“Today we put a lot of weight on our referral bonus,” he said. “By far, our best recruiters are our drivers. When one of our drivers tells another driver how awesome it is to work at MacKinnon Transport, it’s a little more proactive than when I tell a driver how great it is to work at MacKinnon. We used to do sign-on bonus, and we still have a small sign-on bonus….but we found that when we put a lot of weight on the sign-on bonus, a lot of those individuals jumped at the next sign-on bonus, which was frustrating. So we use our current fleet to help promote MacKinnon.”

All panelists agreed that carriers need to work alongside reputable training schools to fight the shortage together.

“We need to work with the schools and we do work with the schools to find out and make sure the student is the right student and to make sure they are prepared for the lifestyle they get when they become a driver,” Topping said. “Students need to know they aren’t going to be home as often as they used to at a previous job. They need to know the psychology of the job.”

MacKinnon said what he wants and what he believes would benefit carriers in the long run would be open communication with carriers and schools.

“We want to know from the schools where (the students’) attitude was during the training,” he said. “We want to know things like did they participate in class? Are they safety-minded? We don’t just want to know the driving skills only.”

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11 Comments » for Award-winning carriers discuss dealing with the driver shortage
  1. Mike says:

    Hey guys there are older drivers out there that want to get back into driving but it comes down to money and respect of home time. I myself is looking to get back into driving again did it for 22 yrs but I want to know how much I’m going to earn a year and what kind of home time I’ll have. Those are key factors for the older guys. I work at a manufacturing plant and there is quite a few ex drivers that work there all worried if we go back how much will our pay change. Through the years my pay cheque was never steady a company loses a contract and then says we have to cut pay or look at companies that just decided it was time to cut pay all together. That was the last company I was with so I decided to get out of trucking but I want to go back but I want a guarrentee that my pay won’t get cut. You have older drivers out there who want back in but don’t want the crap so if one contacts sit down with them and ask them what they want and maybe you’ll get a few of these old guys back like myself.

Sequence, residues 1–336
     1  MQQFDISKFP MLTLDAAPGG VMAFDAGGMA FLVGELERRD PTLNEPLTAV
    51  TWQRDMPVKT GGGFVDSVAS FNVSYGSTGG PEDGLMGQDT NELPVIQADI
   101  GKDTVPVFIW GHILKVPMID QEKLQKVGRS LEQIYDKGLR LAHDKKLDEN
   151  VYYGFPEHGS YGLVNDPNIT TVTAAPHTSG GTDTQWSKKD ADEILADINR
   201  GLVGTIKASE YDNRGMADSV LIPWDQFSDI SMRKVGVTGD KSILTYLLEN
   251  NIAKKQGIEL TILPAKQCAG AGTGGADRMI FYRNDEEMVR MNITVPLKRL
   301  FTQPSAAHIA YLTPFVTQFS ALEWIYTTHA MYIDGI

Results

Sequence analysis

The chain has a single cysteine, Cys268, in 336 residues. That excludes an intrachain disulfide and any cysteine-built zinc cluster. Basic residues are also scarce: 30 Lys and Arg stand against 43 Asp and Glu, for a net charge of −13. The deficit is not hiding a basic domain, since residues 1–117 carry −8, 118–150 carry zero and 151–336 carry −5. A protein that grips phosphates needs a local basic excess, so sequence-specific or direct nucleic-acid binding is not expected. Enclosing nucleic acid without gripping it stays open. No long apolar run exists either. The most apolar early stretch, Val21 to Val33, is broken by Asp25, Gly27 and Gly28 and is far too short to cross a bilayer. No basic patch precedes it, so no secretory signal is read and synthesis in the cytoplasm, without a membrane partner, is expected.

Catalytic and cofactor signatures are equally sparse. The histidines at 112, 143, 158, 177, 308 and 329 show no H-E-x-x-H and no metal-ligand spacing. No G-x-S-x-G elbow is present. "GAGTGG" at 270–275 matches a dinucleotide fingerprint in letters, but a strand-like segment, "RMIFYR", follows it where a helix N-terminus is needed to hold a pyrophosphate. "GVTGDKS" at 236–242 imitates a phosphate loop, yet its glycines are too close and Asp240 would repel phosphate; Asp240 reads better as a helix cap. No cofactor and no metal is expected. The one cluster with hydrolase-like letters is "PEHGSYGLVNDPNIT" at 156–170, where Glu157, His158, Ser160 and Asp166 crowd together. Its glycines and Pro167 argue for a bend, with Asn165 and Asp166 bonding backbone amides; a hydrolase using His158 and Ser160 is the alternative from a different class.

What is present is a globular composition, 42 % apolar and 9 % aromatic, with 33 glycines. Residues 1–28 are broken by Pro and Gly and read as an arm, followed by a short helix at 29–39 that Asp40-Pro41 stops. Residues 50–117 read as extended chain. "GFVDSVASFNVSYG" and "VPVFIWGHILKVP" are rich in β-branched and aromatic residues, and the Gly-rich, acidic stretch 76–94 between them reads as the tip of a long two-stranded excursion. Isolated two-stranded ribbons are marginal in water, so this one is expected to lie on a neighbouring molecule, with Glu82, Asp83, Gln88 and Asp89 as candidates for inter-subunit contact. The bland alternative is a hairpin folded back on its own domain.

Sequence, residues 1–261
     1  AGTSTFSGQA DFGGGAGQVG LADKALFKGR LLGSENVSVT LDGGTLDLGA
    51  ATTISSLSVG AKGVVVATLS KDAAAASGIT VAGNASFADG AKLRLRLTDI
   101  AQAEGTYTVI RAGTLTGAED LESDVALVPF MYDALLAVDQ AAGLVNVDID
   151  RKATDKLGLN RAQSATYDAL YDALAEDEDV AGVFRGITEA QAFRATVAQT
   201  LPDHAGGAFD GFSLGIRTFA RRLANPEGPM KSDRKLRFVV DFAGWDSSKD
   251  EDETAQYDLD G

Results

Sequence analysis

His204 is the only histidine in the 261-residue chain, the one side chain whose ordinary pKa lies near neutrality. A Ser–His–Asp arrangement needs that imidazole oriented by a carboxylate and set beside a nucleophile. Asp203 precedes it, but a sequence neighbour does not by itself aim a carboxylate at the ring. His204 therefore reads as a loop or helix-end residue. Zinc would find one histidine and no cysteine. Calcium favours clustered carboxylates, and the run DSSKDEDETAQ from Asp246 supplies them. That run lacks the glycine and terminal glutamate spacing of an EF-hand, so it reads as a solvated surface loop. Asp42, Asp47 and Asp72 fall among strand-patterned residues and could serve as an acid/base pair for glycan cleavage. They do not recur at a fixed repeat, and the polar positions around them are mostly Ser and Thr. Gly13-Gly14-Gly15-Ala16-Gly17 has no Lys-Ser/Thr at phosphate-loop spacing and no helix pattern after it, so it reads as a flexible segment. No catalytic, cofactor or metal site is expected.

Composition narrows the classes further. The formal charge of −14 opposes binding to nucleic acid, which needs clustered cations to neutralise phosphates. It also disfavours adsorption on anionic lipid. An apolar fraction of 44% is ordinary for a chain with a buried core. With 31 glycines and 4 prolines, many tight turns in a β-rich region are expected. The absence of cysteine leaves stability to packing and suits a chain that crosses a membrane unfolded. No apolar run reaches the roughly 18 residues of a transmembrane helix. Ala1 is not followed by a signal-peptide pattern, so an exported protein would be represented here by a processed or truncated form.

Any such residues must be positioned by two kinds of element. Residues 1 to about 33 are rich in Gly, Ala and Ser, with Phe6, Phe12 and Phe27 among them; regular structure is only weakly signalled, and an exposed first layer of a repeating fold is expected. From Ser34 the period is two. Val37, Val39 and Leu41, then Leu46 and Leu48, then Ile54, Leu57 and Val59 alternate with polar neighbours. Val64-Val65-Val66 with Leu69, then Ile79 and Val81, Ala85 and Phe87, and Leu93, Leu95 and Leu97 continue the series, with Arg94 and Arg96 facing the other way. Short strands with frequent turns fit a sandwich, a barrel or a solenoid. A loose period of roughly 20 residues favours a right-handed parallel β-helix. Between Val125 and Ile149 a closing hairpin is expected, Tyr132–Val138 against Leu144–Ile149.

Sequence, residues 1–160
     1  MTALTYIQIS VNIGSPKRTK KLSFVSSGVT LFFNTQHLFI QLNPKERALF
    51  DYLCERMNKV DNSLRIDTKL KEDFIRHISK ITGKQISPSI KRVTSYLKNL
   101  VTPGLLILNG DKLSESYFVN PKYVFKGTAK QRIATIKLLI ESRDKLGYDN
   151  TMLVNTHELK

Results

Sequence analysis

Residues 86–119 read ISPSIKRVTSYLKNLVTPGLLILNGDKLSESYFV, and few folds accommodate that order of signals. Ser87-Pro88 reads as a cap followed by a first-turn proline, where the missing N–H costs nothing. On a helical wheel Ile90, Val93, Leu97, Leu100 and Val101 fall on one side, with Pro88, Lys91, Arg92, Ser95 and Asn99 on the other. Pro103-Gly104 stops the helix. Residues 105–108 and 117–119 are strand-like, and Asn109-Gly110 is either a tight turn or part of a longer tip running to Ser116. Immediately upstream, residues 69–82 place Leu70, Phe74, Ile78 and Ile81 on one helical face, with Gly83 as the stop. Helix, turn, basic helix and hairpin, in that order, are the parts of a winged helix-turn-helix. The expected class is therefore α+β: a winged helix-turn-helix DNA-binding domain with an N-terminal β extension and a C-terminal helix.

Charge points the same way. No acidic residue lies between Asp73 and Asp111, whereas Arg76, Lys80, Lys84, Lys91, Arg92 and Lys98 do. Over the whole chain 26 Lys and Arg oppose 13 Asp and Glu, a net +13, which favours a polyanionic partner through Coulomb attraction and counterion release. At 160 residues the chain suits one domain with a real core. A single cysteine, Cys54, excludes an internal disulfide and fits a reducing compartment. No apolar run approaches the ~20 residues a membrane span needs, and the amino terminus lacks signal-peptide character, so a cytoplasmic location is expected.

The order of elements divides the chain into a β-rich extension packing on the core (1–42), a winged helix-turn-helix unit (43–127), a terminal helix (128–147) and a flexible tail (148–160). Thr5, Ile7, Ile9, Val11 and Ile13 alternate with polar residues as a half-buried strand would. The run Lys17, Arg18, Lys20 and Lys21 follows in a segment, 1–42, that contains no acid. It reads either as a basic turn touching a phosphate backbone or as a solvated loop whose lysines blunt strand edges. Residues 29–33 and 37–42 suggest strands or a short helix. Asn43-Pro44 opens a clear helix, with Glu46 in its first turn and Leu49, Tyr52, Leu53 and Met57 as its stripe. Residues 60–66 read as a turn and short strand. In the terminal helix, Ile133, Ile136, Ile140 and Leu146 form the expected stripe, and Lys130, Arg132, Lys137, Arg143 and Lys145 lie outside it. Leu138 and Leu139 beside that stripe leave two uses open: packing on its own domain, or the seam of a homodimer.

2. Henry Scott says:

    Funny how not a one of them mention money or benefits. These people want you to stay and reset on the road and pay you nothing, waiting at a customers and pay you nothing, customs same pay you nothing. The best one is when you sit and they do not pay you for the first 24 hours. Most do not pay you to do a pre trip, fuel, or to do paperwork, they pay you for the mikes you run and if you are lucky it is by the hub , if not they go postal code to postal code and burn you that way. It is the only industry in North America where your time is worth nothing and most companies expect you too do work for free. And that is what is wrong with this industry. And then after you drop a load and wait 5 hours for dispatch to give you another load , guess what they do not pay you for that either. Please stop skirting the issue of money and blaming all these other things. Because lets be honest if a driver added up all his or hours in a year most would be lucky to make minimum wage and that is why you cannot find drivers. And lets be honest the only reason you want new drivers is that you can pay them less and make more money off them.

  3. tony godsoe says:

    Money and benefits is where it is at, I left trucking for this reason who wants to call their wife at home on a 36 hour reset,to tell your wife you cannot move but are not being paid either. You are at a customer being treated like shit but have to wait without getting paid for hours, then you have no pocket money to eat with, have not showered for days then when pay day rolls around you see less than a few hundred bucks come in this is reality I spent 19 days on the road one time with a maritime company Houston Tx and all over and only cleared $1400 take home do the math Companies and you wonder why drivers leave get real .

  4. Dave P says:

    There needs to be a fundamental shift in the industry. It’s not only that trucking has a poor reputation in the public eyes…it has a poor reputation in the trucker’s eyes.
    Shippers, receivers, customs and MTO/DOT treat truck drivers like dirty criminals. These big companies have the clout to force attitudinal changes in some of these camps, but they don’t.
    The public environment is against trucking. There is insufficient parking, rest areas etc.
    Per diems, reimbursed expenses such as received by travelling executives, airline pilots etc needs to be introduced and accepted.